Eriksson urges supporters to avert 'catastrophe'

International Friendly: Warnings over fans' behaviour add to England manager's concerns over players' fitness for Serbia game tomorrow
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The Independent Football

Many a time the address of England's latest country retreat, Gallows Lane, would have seemed appropriate, but yesterday no one was being hung out to dry, least of all Rio Ferdinand.

The Manchester United defender was implicated, along with John Terry, in an alleged "3am brawl" in La Manga during England's "bonding break" with their families last week. The claim, made in a Sunday tabloid, was vigorously refuted by the Football Association yesterday but they admitted there was "a minor misunderstanding" which was quickly resolved.

Whatever the truth, and a certain amount of embellishment can be assumed, the merest hint of England players being involved in such an incident in the early hours is untimely. Tomorrow's friendly against Serbia and Montenegro will be preceded by a televised address to the nation from David Beckham. The England captain will ask supporters to behave during the following week's qualifying tie against Slovakia for fear of England being expelled from Euro 2004.

Sven Goran Eriksson backed up this message yesterday when he said: "The next time something happens we are out of Europe and that would be catastrophic."

Eriksson, who said he had cautioned the players about their goal celebrations, which Uefa, the game's governing body in Europe, felt exacerbated the recent trouble against Turkey, added: "It is very important we behave on the pitch and out supporters behave. It would be incredible if we could not go on playing in Europe."

Of the players' off-field behaviour Eriksson blithely insisted he had no concern. "Everybody was very happy in La Manga," he said. "I talked to the players and the hotel management. There were no problems at all. I think they behaved very well."

Ferdinand, speaking at the Monaco Grand Prix which he attended after being released from the England squad to receive treatment on his knee, said the incident had "been blown out of all proportion" and "over-fabricated".

Of greater concern for Eriksson was how he covers Ferdinand's absence at Leicester tomorrow and at Middlesbrough next week. He is the fourth central defender to be ruled out this summer and Eriksson might have been tempted to check out the car boot sale a mile away from England's base to see if any centre-halves were going cheap.

Instead, amid the wheatfields of rural Leicestershire, Matthew Upson was handed a green bib and given the chance to develop the fledgling partnership with Gareth Southgate embarked upon in South Africa last month.

"There are a lot of defenders out," said Eriksson, a life-size portrait of Sol Campbell at his left shoulder emphasising the point. "Upson has had a good season and he deserves to come in. He worked very well in La Manga."

Another contender, John Terry, may also get a run tomorrow as he appears to have recovered from the thigh strain which curtailed the end of his club season. The other injured player, Wayne Rooney, is likely to test his wounded knee in the second period allowing Emile Heskey to start in his hometown. Heskey may then move to the left flank.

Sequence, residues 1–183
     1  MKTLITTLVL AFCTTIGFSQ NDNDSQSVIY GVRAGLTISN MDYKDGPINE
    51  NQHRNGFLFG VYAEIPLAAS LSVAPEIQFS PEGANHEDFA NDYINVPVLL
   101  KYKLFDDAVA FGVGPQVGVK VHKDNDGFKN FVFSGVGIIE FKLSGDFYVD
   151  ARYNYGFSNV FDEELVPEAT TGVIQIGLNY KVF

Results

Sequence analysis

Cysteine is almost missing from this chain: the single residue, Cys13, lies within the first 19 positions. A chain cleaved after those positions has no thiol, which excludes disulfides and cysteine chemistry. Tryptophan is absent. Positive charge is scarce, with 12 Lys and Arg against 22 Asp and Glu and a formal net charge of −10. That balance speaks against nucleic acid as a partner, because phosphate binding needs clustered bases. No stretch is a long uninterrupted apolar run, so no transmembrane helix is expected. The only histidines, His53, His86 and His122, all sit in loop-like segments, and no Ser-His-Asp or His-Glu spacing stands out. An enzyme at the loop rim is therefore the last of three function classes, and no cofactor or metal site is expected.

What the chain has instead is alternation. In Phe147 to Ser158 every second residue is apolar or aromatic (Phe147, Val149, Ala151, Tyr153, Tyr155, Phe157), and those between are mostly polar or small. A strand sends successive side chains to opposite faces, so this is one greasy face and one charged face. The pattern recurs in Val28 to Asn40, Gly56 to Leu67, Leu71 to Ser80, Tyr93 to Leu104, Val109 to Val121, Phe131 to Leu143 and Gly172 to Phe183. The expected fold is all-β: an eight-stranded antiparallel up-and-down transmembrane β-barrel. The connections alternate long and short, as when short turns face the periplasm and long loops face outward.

In midfield, Eriksson's problem is how to compensate for the loss of David Beckham through suspension and Trevor Sinclair with a dead leg. Sinclair appears likely to be replaced by Frank Lampard who impressed in Durban. On the right Eriksson will either deploy Jermaine Jenas or Steven Gerrard.

The latter option will involve Owen Hargreaves filling in as a holding midfielder. Along with Sinclair, who may yet be fit for Slovakia, Hargreaves sat out training yesterday, resting after his afternoon arrival from Germany where he helped Bayern Munich win the German Cup at the weekend.

Eriksson said he was confident Hargreaves would be fit, because, as at the World Cup when he came top of all the tests, he would have benefited from the winter break in Germany. Though Hargreaves later disputed this theory, Eriksson went on to link it to the failure of English clubs in Europe.

"Only one English team has been in the European Cup final in 18 years and if we do not stop and think it could be another 18 years before we have a second," he said. "I am sure the only reason we don't have a team in the final every other year is we play too much football because no one can convince me Juventus and Milan are better teams than Arsenal and Manchester United."

Only La Liga clubs play as many games as Premiership ones and, noted Eriksson, the Spanish have a winter break, spread their season out longer and have only one domestic cup competition.

He added: "In Italy they have one injured player for this week's match [against Northern Ireland], Christian Vieri. Everyone else is fit. There must be a reason for this difference. Our absent players had all been playing with injuries. I am sure we are the only country in Europe playing Saturday and Monday as we do Christmas, New Year and Easter. The risks of injury are much higher."

It is a familiar lament but unless there is an improbable change in the game's economics, Eriksson's appeal will continue to remain unheeded.

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